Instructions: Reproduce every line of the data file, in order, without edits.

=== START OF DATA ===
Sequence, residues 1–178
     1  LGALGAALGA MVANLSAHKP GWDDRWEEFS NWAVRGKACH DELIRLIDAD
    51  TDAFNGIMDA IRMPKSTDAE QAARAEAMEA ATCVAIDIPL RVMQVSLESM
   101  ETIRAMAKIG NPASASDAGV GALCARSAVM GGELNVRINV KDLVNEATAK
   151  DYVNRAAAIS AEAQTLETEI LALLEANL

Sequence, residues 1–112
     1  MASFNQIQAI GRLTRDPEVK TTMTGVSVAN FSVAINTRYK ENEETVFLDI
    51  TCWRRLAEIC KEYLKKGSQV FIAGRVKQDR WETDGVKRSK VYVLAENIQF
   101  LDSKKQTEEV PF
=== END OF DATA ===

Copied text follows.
Sequence, residues 1–178
     1  LGALGAALGA MVANLSAHKP GWDDRWEEFS NWAVRGKACH DELIRLIDAD
    51  TDAFNGIMDA IRMPKSTDAE QAARAEAMEA ATCVAIDIPL RVMQVSLESM
   101  ETIRAMAKIG NPASASDAGV GALCARSAVM GGELNVRINV KDLVNEATAK
   151  DYVNRAAAIS AEAQTLETEI LALLEANL

Sequence, residues 1–112
     1  MASFNQIQAI GRLTRDPEVK TTMTGVSVAN FSVAINTRYK ENEETVFLDI
    51  TCWRRLAEIC KEYLKKGSQV FIAGRVKQDR WETDGVKRSK VYVLAENIQF
   101  LDSKKQTEEV PF